Michelle Williams’s article (“Africa’s fragile food and water security threatens us all”, Opinion, November 10) is correct to call for action to support and scale innovation on the African continent. But her prescription to expand access to groundwater on the basis that most countries have enough to last decades needs to be examined much more carefully for two reasons. First, it would be of little benefit to the majority of farmers who cannot afford to invest in expensive irrigation schemes and who must rely on rainfed agriculture. Second, we need to be thinking much further ahead than “decades” because unless groundwater is replenished faster than it is withdrawn it is a finite resource.
In Malawi we are uncovering the widespread existence of a hard layer of soil (hardpan) at varying depths below the soil surface, caused by the constant passage of farmers’ feet, years of hoe cultivation, machinery, vehicles and animal hooves.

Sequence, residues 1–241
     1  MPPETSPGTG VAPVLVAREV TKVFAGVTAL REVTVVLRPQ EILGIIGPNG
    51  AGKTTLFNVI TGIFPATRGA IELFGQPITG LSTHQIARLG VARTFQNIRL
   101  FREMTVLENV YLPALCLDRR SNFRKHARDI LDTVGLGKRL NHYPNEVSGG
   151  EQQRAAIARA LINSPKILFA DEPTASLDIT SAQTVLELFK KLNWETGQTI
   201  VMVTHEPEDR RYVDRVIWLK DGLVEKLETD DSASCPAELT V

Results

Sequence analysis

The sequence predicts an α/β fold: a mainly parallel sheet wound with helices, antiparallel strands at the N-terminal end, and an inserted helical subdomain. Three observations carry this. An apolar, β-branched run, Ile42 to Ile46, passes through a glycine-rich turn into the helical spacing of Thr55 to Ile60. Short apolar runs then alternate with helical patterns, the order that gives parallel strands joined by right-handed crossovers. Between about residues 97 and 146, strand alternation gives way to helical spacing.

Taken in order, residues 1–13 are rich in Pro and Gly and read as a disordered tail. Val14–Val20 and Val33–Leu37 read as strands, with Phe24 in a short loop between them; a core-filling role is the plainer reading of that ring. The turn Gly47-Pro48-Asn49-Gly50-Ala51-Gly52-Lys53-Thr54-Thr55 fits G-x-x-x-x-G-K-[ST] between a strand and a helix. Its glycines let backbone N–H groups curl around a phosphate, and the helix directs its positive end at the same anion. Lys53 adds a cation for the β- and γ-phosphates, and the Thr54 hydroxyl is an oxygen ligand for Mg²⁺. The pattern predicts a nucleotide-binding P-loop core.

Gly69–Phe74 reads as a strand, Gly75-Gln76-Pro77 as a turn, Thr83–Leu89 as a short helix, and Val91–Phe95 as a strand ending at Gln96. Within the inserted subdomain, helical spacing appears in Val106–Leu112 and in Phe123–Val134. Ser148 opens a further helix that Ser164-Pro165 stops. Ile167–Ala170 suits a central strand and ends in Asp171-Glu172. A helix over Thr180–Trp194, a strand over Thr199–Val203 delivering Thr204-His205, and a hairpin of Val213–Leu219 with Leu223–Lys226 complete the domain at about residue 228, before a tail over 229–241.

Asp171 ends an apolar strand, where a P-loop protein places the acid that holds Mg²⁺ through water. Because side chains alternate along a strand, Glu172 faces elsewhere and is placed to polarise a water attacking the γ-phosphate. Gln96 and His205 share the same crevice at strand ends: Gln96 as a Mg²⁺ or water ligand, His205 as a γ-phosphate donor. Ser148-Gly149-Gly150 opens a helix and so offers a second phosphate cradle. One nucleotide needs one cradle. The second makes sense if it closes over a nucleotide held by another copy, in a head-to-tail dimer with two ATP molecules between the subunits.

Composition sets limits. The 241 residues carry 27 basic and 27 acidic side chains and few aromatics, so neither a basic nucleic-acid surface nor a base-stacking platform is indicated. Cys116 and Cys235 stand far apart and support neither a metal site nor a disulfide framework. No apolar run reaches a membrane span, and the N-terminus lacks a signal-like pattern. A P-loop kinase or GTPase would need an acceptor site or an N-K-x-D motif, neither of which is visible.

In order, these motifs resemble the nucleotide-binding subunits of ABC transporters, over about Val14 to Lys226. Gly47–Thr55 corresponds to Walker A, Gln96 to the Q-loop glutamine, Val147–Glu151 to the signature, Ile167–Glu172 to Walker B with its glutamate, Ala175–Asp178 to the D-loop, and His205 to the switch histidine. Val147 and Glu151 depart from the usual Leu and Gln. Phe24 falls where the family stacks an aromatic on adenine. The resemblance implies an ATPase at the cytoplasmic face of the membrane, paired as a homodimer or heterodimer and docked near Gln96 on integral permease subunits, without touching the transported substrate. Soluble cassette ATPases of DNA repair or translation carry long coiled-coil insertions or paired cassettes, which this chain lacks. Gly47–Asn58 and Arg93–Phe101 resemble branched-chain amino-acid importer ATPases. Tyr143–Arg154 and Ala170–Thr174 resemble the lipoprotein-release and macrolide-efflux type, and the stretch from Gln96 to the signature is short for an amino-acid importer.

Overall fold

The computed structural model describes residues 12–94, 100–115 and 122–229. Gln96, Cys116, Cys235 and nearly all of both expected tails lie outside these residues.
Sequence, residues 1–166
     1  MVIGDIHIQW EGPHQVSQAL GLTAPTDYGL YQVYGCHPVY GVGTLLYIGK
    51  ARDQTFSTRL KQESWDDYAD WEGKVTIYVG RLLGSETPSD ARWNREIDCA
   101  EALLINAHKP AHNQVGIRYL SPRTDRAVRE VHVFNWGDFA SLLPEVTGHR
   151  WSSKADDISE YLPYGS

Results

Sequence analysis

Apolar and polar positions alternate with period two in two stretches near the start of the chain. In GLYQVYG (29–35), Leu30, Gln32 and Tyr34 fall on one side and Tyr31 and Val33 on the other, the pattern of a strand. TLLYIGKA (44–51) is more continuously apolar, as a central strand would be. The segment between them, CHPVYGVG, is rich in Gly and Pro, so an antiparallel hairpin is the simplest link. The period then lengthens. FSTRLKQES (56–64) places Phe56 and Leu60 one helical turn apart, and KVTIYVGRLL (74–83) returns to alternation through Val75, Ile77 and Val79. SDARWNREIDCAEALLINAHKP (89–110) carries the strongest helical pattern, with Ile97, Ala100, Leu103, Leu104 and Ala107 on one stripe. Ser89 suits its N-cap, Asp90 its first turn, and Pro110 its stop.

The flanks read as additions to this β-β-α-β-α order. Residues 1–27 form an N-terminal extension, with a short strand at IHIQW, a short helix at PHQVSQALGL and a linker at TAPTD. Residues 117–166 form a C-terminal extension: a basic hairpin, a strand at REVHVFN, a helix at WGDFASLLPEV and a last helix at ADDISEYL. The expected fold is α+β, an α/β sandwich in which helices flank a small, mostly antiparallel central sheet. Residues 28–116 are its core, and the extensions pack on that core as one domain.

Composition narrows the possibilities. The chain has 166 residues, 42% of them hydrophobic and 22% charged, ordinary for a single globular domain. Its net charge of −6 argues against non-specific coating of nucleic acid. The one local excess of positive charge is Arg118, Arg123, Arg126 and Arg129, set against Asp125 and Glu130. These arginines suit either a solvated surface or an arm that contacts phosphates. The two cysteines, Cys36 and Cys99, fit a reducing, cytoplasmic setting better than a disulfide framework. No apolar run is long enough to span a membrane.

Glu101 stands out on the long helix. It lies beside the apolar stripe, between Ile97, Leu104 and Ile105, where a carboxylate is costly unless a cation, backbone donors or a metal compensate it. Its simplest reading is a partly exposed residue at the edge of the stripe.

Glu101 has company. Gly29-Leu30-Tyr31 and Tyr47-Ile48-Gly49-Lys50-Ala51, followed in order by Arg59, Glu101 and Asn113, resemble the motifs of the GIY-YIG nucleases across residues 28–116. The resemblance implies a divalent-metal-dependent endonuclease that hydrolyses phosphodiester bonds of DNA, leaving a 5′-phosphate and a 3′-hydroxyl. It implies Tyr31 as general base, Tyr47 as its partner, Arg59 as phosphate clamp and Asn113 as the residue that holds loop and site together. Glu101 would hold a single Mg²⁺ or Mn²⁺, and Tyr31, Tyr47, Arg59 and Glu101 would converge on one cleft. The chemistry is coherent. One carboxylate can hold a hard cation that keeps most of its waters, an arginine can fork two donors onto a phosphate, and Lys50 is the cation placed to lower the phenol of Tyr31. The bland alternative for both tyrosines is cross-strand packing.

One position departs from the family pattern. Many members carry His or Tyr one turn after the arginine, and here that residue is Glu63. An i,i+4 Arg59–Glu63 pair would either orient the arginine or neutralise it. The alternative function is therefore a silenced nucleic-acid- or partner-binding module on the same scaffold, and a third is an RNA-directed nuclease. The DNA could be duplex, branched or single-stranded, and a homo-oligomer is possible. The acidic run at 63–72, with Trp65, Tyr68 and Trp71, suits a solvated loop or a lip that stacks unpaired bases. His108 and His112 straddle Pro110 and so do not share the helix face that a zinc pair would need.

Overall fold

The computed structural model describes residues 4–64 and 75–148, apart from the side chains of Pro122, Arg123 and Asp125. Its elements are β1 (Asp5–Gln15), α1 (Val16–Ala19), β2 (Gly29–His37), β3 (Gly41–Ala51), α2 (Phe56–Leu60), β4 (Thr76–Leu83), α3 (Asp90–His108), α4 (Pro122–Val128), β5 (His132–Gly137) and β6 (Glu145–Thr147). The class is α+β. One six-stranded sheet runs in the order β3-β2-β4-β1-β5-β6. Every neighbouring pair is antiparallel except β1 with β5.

Although the nature of the layer varies by soil type, its overall effect is to prevent rainfall from penetrating into soil to the depths that plant roots need and, by extension, into the groundwater. By breaking up the hardpan with a pickaxe and then learning how to manage the soil to catch and retain as much rainfall as possible, farmers are able to ensure that the water percolates into the soil, subsoil and the aquifer.
This form of “deep bed farming” ensures that the water is available to crops for far longer through the growing season which stabilises and increases yields: more than 30,000 farmers in Malawi are now using this indigenous innovation with the direct benefit of very large increases in yields and wider benefits to livelihoods as wells remain fuller and intermittent streams run for longer. Extracting groundwater may be necessary in some areas, but without a commitment to replenishing the aquifers through regenerative approaches to agriculture it can only be a very short-term solution.
Source : FinancialTimes